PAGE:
A second uncertainty is the olfactory sensitivity of saltwater salmon life stages to Cu, because the studies to-date have focused on the juvenile freshwater life stage. While relatively few saltwater olfactory studies have been conducted, they indicate that the olfactory sensitivities of freshwater-adapted and saltwater-adapted salmonids when exposed to major ions (e.g., Na+, Ca2+, Mg2+) and amino acids are similar (e.g., Shoji et al. 1996). Assuming this similarity also applies to salmonid responses to Cu, it would be possible to develop an olfactory BLM that can apply to both saltwater and freshwater fish, making it possible to predict the effects of water quality on olfactory impairments under all conditions. We suggest that development of a more generalized olfactory BLM will thus be of great practical value, but given the relative paucity of olfactory studies using saltwater fish, additional study will be needed to validate such a model.
The BLM was developed as a tool for predicting the toxicity of Cu and other metals as a function of site-specific water chemistry. It has also proven to be a flexible tool that can be modified and applied to other endpoints, as in the case of olfactory impairment, as summarized in the Meyer and Adams (2010) and DeForest et al. (2011) studies. This has provided a mechanism to evaluate the protectiveness of Cu criteria relative to olfactory impairment by properly accounting for the influences of water chemistry on Cu bioavailability at the biotic ligand of interest, whether it be at the “gill” in the case of Cu criteria, or at the olfactory receptors in the case of olfactory impairment. However, the importance of measuring and reporting water chemistry in future olfactory studies with Cu (or other metals) cannot be overemphasized because without these data, it will be difficult to adequately understand and predict the influences of water chemistry on the olfactory or related behavioral effects of Cu on salmonids and other fish.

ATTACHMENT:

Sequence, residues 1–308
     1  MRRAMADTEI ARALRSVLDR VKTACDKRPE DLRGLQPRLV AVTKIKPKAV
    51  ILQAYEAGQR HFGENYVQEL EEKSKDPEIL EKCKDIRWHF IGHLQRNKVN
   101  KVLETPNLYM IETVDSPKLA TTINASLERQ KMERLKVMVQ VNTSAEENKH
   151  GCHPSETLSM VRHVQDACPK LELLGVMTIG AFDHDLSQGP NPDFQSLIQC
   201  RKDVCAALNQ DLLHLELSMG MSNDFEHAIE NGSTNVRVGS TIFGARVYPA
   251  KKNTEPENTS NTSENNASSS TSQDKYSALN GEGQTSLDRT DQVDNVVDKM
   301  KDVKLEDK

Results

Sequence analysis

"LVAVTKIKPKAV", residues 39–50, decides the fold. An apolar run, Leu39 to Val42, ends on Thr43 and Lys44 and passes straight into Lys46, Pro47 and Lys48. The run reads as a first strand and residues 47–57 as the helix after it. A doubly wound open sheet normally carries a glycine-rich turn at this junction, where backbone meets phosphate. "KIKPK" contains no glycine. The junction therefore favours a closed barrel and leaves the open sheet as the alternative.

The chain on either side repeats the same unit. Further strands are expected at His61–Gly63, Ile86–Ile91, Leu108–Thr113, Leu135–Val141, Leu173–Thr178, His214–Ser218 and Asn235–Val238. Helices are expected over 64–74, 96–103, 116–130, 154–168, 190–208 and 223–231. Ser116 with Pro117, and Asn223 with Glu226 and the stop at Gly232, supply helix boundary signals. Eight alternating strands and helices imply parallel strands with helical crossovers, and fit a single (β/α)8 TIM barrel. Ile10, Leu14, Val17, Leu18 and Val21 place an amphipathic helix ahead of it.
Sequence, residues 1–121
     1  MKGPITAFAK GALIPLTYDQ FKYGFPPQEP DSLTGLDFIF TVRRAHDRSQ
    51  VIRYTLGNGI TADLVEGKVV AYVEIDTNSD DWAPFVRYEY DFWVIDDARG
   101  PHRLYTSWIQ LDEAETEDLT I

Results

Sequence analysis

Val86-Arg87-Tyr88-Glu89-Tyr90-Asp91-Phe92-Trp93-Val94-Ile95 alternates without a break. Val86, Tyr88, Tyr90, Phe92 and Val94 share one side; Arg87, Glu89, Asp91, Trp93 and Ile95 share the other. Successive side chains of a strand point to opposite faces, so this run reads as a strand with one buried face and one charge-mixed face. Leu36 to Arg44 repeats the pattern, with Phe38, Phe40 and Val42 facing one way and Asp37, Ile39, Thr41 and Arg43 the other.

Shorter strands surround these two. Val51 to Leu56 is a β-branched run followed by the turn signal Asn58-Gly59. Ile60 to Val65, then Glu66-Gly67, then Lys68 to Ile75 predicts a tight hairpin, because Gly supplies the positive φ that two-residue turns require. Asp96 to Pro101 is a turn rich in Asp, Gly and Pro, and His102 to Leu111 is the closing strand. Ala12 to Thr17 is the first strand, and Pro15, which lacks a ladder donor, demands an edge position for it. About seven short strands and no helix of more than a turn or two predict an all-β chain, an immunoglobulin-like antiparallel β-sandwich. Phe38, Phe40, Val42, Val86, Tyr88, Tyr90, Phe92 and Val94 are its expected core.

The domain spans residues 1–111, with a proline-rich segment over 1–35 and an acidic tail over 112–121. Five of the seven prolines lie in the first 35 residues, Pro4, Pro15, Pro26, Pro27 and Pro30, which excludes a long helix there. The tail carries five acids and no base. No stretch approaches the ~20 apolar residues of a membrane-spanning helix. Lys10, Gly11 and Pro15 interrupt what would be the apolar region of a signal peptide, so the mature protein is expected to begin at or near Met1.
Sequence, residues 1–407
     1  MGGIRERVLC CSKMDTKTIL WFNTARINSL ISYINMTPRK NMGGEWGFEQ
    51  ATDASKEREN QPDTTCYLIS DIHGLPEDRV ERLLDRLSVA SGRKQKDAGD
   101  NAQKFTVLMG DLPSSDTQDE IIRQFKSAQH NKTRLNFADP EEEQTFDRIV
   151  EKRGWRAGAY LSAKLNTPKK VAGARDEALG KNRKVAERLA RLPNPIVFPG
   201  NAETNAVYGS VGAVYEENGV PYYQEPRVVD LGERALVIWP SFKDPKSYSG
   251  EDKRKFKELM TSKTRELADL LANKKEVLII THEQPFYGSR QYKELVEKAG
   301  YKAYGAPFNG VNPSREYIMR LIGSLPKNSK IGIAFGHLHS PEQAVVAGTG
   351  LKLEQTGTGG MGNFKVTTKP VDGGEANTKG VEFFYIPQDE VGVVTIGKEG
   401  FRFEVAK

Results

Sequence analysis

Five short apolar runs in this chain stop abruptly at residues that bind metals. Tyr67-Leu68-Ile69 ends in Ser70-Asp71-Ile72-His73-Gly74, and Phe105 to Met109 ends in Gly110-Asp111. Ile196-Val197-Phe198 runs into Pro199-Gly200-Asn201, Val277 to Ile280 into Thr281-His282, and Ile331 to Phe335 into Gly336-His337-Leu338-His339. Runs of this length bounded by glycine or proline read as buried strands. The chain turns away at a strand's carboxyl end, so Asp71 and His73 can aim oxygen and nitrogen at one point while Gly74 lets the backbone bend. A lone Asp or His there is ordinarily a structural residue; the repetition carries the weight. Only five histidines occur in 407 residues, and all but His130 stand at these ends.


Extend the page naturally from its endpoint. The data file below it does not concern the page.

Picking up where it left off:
DeForest DK, Gensemer RW, Van Genderen EJ, Gorsuch JW. 2011. Protectiveness of water quality criteria for copper in western United States waters relative to predicted olfactory responses in juvenile Pacific salmon. Integr Environ Assess Manage 7:336-347.
McIntyre JK, Baldwin DH, Meador JP, Scholz NL. 2008a. Chemosensory deprivation in juvenile coho salmon exposed to dissolved copper under varying water chemistry conditions. Environ Sci Technol 42:1352-1358.
McIntyre JK, Baldwin DH, Meador JP, Scholz NL. 2008b. Additions and corrections: Chemosensory deprivation in juvenile coho salmon exposed to dissolved copper under varying water chemistry conditions. Environ Sci Technol 42:6774-6775.
Meyer JS, Adams WJ. 2010. Relationship between biotic ligand model-based water quality criteria and avoidance and olfactory responses to copper by fish. Environ Toxicol Chem 29:2096-2103.
Shoji T, Fujita K-I, Furihata E, Kurihara K. 1996. Olfactory responses of a euryhaline fish, the rainbow trout: Adaptation of olfactory receptors to sea water and salt-dependence of their responses to amino acids. J Exp Biol 199:303-310.